So here I am. Forty-three years a Priest and 13 years as Pastor of St. Clement Parish. What a wonderful gift. Please pray for me and join me in thanking God for his many blessing, especially for the gift of the Holy Priesthood. On my part, I will continue to pray for each and every one of you. On this 43rd Anniversary I pledge to continue my journey in the footsteps of Jesus the Great High Priest. The one who came to serve and not to be served The one who came to give his life as a ransom for many.

Msgr. Zimmer also shared this reflection with the people he shepherds on the St. Clement’s Parish website.

 

Reborn in the Spirit of God

Rebirth in Spirit

We can all become prone to taking our faith for granted.  How many of us Catholics “rest assured” that we can do what we want and live how we want because we have the Sacrament of Confession to “fix that”?  Of course, that’s not what the sacraments are for and not how we are to approach our faith.  We are given a “re-do” by our Lord because while we are called to be perfect and never stop trying, doesn’t want us to give up trying.

We have the Holy Spirit to thank for all of this.  Whether we’re converts or “reverts” or we never left practicing our faith but have had “a fire lit” in our hearts to live our faith with renewed commitment; this is rebirth.  Perhaps as a convert but surely as a priest, I have heard many life-long Catholics tell me that they admire converts because “they chose their faith” versus being handed on their faith from their family, most especially their parents.  There may be a point to this; but from my place as a convert I have a deep admiration for the people who have chosen their faith as young people, teens, adults and older in life and grew up in a faith-filled home.  I am blessed to have a good family, but faith wasn’t a part of my life or my upbringing.  I am definitely in the minority as a convert who became a priest.  Most of the men I work directly with as Director of Vocations and the many people I meet, women and men who seriously discern their vocations have had faith present throughout their lives, in their homes, their schools, all around them.  Most of them have had occasion to be lukewarm or even not-practicing, but the Lord brought them back.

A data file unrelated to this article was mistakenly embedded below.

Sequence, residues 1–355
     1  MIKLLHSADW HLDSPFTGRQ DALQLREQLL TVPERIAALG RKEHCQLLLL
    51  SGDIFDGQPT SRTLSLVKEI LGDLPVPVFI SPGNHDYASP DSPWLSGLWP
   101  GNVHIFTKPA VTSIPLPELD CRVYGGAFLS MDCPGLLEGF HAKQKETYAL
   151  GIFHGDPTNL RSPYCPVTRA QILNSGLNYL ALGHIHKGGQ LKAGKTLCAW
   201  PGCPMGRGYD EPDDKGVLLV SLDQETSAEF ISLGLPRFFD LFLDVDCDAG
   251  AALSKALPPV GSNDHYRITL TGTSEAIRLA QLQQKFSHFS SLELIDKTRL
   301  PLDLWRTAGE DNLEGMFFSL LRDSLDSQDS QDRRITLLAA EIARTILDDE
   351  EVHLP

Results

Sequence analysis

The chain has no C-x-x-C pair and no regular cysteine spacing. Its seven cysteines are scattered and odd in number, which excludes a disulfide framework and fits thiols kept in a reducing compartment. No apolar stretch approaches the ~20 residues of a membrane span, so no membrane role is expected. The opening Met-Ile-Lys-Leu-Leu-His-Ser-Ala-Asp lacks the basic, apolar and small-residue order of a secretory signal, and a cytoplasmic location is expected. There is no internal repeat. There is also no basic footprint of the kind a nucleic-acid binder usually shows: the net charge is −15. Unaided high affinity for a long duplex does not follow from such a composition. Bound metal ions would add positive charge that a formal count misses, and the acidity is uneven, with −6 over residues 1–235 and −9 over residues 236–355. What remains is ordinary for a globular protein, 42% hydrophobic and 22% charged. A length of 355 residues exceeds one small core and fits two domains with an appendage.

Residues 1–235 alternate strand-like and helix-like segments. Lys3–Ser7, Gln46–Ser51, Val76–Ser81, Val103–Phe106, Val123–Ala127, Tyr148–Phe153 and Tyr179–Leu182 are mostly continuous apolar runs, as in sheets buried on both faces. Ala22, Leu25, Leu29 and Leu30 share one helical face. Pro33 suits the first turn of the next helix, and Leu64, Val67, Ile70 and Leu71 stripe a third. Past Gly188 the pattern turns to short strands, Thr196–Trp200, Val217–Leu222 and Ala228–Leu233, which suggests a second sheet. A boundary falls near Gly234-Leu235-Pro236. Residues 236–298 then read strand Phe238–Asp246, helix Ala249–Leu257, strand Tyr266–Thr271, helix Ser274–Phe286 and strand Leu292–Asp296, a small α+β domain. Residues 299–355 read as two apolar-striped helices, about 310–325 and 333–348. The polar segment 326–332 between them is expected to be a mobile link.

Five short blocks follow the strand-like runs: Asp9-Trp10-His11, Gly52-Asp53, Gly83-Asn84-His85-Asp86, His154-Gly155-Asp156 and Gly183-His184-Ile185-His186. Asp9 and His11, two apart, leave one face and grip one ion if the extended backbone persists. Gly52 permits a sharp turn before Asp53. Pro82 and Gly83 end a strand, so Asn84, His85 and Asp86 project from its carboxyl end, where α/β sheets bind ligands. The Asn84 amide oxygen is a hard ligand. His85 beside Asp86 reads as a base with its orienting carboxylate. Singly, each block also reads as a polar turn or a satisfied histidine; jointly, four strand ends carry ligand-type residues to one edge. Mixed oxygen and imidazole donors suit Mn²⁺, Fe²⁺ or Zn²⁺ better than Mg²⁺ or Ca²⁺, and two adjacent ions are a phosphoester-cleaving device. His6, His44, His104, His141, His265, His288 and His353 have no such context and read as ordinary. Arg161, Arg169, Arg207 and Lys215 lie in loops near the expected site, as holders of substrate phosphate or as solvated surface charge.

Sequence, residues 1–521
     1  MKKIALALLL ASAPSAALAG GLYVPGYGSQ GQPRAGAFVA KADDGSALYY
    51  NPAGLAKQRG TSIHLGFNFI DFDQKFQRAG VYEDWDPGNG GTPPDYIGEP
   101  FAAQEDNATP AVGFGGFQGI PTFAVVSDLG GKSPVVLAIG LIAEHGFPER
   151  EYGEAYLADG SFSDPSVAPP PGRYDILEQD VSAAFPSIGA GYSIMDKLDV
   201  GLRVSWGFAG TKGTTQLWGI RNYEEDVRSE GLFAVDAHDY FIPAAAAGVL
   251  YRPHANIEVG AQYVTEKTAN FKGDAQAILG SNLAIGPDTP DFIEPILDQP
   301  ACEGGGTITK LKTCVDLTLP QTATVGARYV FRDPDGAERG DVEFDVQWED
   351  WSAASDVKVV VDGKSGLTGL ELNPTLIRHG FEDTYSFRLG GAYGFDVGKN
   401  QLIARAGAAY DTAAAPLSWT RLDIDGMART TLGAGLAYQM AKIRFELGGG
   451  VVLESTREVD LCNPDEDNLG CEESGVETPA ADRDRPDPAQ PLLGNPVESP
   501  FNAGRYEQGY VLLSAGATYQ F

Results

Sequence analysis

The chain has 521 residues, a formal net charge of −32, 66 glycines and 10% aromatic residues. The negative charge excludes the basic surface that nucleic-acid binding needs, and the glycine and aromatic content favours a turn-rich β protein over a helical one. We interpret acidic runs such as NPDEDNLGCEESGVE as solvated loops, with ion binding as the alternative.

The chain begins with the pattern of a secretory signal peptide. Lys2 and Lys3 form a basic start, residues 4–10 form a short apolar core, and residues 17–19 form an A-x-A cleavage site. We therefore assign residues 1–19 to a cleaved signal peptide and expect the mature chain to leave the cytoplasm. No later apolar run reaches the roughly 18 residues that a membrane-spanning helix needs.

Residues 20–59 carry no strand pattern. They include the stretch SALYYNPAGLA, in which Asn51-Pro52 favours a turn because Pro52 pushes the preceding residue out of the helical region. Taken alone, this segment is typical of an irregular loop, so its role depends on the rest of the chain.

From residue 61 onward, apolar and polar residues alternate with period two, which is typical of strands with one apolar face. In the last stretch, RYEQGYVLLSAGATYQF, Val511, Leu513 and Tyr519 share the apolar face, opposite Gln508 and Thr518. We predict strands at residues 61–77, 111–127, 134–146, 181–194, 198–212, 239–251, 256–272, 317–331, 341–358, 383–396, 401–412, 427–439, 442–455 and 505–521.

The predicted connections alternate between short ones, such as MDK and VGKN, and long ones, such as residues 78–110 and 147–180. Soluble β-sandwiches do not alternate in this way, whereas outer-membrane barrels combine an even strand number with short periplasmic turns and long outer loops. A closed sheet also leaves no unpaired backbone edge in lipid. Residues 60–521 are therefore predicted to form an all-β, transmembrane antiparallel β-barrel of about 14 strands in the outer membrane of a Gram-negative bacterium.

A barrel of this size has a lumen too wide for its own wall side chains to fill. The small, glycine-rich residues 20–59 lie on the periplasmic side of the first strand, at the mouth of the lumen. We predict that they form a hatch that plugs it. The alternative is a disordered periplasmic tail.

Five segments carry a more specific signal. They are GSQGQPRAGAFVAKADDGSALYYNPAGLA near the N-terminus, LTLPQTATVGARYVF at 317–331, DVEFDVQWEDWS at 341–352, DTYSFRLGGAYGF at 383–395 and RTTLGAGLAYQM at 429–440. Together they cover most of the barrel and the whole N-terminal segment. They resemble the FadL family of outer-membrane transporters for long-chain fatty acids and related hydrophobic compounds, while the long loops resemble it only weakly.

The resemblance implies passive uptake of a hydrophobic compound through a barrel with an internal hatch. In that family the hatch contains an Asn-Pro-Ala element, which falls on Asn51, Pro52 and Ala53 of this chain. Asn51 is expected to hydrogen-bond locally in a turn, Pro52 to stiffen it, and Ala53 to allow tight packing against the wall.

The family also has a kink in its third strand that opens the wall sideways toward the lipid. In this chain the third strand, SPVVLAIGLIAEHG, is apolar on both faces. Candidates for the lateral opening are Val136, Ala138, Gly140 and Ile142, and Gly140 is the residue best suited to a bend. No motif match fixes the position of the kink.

Today, we celebrate being born of the Spirit, reborn in Christ and pray for many more to experience what Jesus talks about with Nicodemus in today’s Gospel.  May we reflect a little more deeply upon our faith today and remind ourselves that Jesus’ gift of a “do-over” is meant so that we may come completely back to God and engage ourselves, powerfully, properly and necessarily in the work of being dedicated Disciples, followers (and not merely admirers) of Jesus Christ.  May God bless you.

Divine Mercy: May We Grow as Extensions of God’s Merciful Love

Divine Mercy

The first Sunday after Easter is the Feast of Mercy, but there must also be deeds of mercy, which are to arise out of love for Me. You are to show mercy to our neighbors always and everywhere. You must not shrink from this or try to absolve yourself from it. (From St. Faustina’s Diary, 742)

We celebrate today Divine Mercy Sunday; the Second Sunday of Easter as the visionary St. Faustina indicated Jesus desired in her prayerful encounters with the Lord.  Mercy is an important gift, both given to us and given by us and has been a constant point of reflection for us as Christians always.  Pope Francis speaks constantly that we be aware of the mercy granted to us, and in turn that we are as merciful as we possibly can be.  He constantly implores that priests be instruments of God’s great mercy in everything we do in our lives as Christians and ministry as priests.